Remarkably yes. I'm in touch with everyone. I see a lot of them all the time, that's what I meant when I said lightning struck twice with this group. Given, we also had 4 years to build, so who knows what this will be as it could be 13 episodes and long gone. But this cast is also very close.

You could have played really hard to get at that moment?

I could have.

So you didn't reach out to him?

No, I just figured whatever is happening, I'm going to find out about it eventually. It may have only been a couple of weeks before he texted me, and maybe a month until we actually talked. But it was awhile; I was in Ohio doing a movie and I remember having a long conversation with him on the phone.

How different is it being on set this time?

It's so weird because two things; One, we are in Toronto and not at Sunset and Gower Studios. That's a big difference, but the good news about that in this case is that lightning really struck twice in that they are both really unbelievable groups of people. This new group is every bit as wonderful as the original group was. Being in Toronto, out of town, we have to really rely on each other, otherwise we're walking the streets alone. We have each other and we've all really hung together. We go out to dinner a lot and go to karaoke and all that stuff, we're really having a good time.

How fast-paced is this? As they said, they are really churning them out.

We are churning them out, but this is a very complicated show. There are some shows that shoot in seven or eight days, while we are shooting in a lot more than that. We will shoot for eight or nine days then go to second unit while the first unit starts the new episode. So a new episode starts every eight or nine days, but the previous episode is still being worked on. Also we are shooting them in blocks of two, so often you are working on two or three shows at a time.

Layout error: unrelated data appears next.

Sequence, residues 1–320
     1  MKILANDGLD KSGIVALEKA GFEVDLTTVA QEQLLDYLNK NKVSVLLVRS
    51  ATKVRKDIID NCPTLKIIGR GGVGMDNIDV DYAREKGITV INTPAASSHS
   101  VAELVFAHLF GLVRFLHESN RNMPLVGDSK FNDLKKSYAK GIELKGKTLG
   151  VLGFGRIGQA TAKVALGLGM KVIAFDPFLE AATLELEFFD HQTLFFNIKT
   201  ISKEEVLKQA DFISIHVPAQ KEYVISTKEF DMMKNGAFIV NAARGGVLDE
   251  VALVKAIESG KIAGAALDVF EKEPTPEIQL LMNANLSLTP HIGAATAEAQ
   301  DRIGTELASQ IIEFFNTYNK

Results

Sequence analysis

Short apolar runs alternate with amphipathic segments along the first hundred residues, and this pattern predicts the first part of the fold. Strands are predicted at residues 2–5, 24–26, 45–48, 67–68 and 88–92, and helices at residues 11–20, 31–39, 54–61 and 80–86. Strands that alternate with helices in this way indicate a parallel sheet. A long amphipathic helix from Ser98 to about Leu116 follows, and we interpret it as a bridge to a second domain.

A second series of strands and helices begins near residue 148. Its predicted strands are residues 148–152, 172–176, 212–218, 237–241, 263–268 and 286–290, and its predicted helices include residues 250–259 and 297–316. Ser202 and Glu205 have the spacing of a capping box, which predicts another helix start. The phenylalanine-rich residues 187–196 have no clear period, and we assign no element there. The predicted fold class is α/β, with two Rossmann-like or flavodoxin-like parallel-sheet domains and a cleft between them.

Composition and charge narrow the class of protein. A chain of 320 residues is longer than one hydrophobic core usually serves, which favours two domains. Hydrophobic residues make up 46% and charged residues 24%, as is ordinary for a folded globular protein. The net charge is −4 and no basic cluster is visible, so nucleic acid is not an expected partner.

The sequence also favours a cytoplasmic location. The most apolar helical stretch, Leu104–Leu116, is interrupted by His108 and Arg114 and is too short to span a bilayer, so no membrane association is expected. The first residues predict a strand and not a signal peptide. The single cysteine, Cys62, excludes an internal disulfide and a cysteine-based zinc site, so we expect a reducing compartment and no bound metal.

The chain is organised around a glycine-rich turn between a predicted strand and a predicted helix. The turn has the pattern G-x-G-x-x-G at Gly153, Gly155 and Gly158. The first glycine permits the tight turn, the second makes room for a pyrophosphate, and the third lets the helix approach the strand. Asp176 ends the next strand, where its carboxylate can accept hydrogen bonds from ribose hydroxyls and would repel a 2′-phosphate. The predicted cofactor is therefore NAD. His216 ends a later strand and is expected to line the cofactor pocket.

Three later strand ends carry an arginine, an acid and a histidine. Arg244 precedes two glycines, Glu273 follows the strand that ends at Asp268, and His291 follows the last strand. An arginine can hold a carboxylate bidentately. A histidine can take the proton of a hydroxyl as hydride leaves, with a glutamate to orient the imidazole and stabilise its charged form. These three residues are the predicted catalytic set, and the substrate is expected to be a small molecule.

It does get a little complicated, but we are shooting it like a movie. One of the reasons there isn't a pilot episode is because we didn't shoot it like a pilot. This whole thing has been storyboarded like one big movie. There were sets, for instance, in this first episode that we won't even build until July because we knew that would all be shot at one time. So, scenes from episode seven or eight, we shot the same time as scenes from episode one. So the first episode was literally just finished recently.

So we are going to have to take your word for it that is awesome?

You can't even take my word because I haven't seen anything [laughs].  I can't see the forest for the trees, I can only tell you what I hear from the directors, producers, editors and network and they are all very excited. Greg Beeman, who directed episodes two and three, he's a salty old veteran and not one given to hyperbole or overly rosy scenarios. When he finished directing, and before he left, he said, "I don't know what the other episodes look like but mine are good."

How often are you approached by fans wanting to talk about 'Heroes'?

Every day. What's interesting is that is I was put on a holding contract since last June. So it doesn't shock me that we are back, it's just shocking that it happened when it happened. It's like you're thinking, ''maybe this could happen.'' You look the other way and stop thinking about it, and it comes out of the blue. Everywhere I go, people are always interested in "Heroes." It's all over the world, it's one of those shows that really translates everywhere. It's a multiracial, multinational cast so we will be all over the world, just like the original 'Heroes'.

Since the show went off the air there's been an invasion of superhero shows. You feel like you set the stage for that, and how does the show fit in the current landscape?